Web API

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Revision as of 10:02, 14 August 2019

Contents

Why a Web API?

Flametree’s Web API allows you to run FIA remotely from any location, using an internet connection.

Providing FIA’s capabilities through a Web API provides the following advantages:

To run the examples shown here, you will need

The API's web address is

www.flametreeapi.com

The Python API wrapper

The most straightforward way to use the Web API is to use our Python wrapper routines to interact with the program, which provide short-cuts to commonly used functions. For instance, to see a list of your files in the filestore, you can either run

ListFiles(username, password)

or

url = base_url + '/file'   
try:          
    response = requests.get(url, auth=HTTPBasicAuth(username, password) )    
    print(response.status_code, response.text)
except:
    print('Error found when listing files')
    sys.exit(1)

Both code fragments return the same information, but the first shields you from the details of calling the API directly.

We assume that the Python wrapper routines are used throughout this document. If you prefer, you can call the API directly using the Python requests (or similar) library from any programming language. Full documentation is provided here.

Architecture and workflow

The filestore

In principle, FIA can be run by uploading all required data, together with values of any configuration settings required, and then running the program. For most users, this approach has several disadvantages:

To avoid these issues, the API is designed so that file operations are distinct from program execution. FIA uses a server-based filestore, to which raw data files are written, and from which results are read. The program is run using the following sequence of commands:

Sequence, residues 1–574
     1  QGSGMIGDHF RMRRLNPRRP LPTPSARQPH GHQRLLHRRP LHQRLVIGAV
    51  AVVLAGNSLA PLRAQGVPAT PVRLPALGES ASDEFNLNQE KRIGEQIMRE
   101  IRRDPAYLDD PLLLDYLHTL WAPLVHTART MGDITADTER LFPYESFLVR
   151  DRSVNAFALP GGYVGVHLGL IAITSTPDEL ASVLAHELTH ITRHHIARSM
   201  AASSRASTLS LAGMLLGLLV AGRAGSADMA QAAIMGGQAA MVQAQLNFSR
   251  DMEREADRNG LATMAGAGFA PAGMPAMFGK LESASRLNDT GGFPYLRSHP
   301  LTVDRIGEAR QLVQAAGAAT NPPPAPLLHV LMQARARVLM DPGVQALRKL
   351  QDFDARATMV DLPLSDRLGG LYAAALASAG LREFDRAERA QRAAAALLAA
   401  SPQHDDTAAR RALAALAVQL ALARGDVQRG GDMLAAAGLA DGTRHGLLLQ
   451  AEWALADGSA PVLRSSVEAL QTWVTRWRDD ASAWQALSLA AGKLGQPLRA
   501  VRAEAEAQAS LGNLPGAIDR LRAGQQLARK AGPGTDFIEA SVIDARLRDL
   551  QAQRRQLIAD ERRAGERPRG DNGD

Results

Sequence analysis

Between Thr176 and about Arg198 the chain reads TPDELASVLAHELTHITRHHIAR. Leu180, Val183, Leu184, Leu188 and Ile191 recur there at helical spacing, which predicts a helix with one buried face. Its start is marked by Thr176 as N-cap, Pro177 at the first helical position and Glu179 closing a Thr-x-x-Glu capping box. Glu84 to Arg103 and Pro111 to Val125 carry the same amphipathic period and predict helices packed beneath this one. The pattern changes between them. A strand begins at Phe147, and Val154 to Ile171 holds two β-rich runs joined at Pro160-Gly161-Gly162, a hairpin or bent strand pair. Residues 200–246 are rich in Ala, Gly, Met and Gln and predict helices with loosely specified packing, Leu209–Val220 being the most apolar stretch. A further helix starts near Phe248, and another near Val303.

1. Files required by the program are uploaded to the filestore.
  2. Once all files are in place, the user sends an ‘execute’ command, together with parameter values to describe the type of attribution analysis required.
  3. The API submits this request to a batch queue on the remote server.
  4. The server runs the attribution analysis as soon as resources become available.
  5. When the analysis is complete, results and reports are written to the filestore as a compressed file.
  6. The results file is downloaded.

The batch queue

By using a batch queue for processing, Flametree Attribution allows ‘fire and forget’ processing for large numbers of portfolios.

Each time an attribution analysis is requested, a new batch job is created. This is submitted to the batch queue and is processed when previous jobs are complete. When a batch job is created, it is assigned a unique job ID that can be used to interrogate the batch queue and determine its current status.

The batch queue uses multiple worker processes so that several jobs can be executed at the same time.

A batch processing job has one of the following status values:

Security

Each call to the API requires that the user provide credentials identifying themselves as a registered user of the system. This must be either:

No user can access any other user’s data or usage records. Passwords are stored internally in hashed form so that nobody has access to the plaintext versions.

Flametree Attribution automatically encrypts all traffic to and from the site using HTTPS, so that your identity and results are protected.

Calling the API

These examples assume:

The examples shown use our suite of wrapper functions, which encapsulate the complexities of calling the API directly. If you prefer to call the API directly, please refer to Appendix X.

Import reference to the fia_wapper functions

from fia_wrapper import *	

Assign values for username and password. These are used each time an API function is called:

username = 'username'
password = 'password'

Assign values to be passed to the API to define the attribution. Some fields (PortfolioFile, SecurityFile, YieldCurveFile, ZipFile) must have values assigned; others are optional:

data = {
   "PortfolioFile" : "fia_p.csv",
   "SecurityFile" : "fia_s.csv",
   "YieldCurveFile" : "fia_y.csv",
   "IndexFile"	: "fia_i.csv",
   "batch_id" : "1001",
   "SovereignCurveDecomposition" : "KRD",
   "DateFormat" : "%Y-%b-%d",
   "SummaryAttributionReport" : "true",
   "InteractiveAttributionReport" : "true",
   "SecurityAttributionReport" : "true",
   "CurveReport" : "false",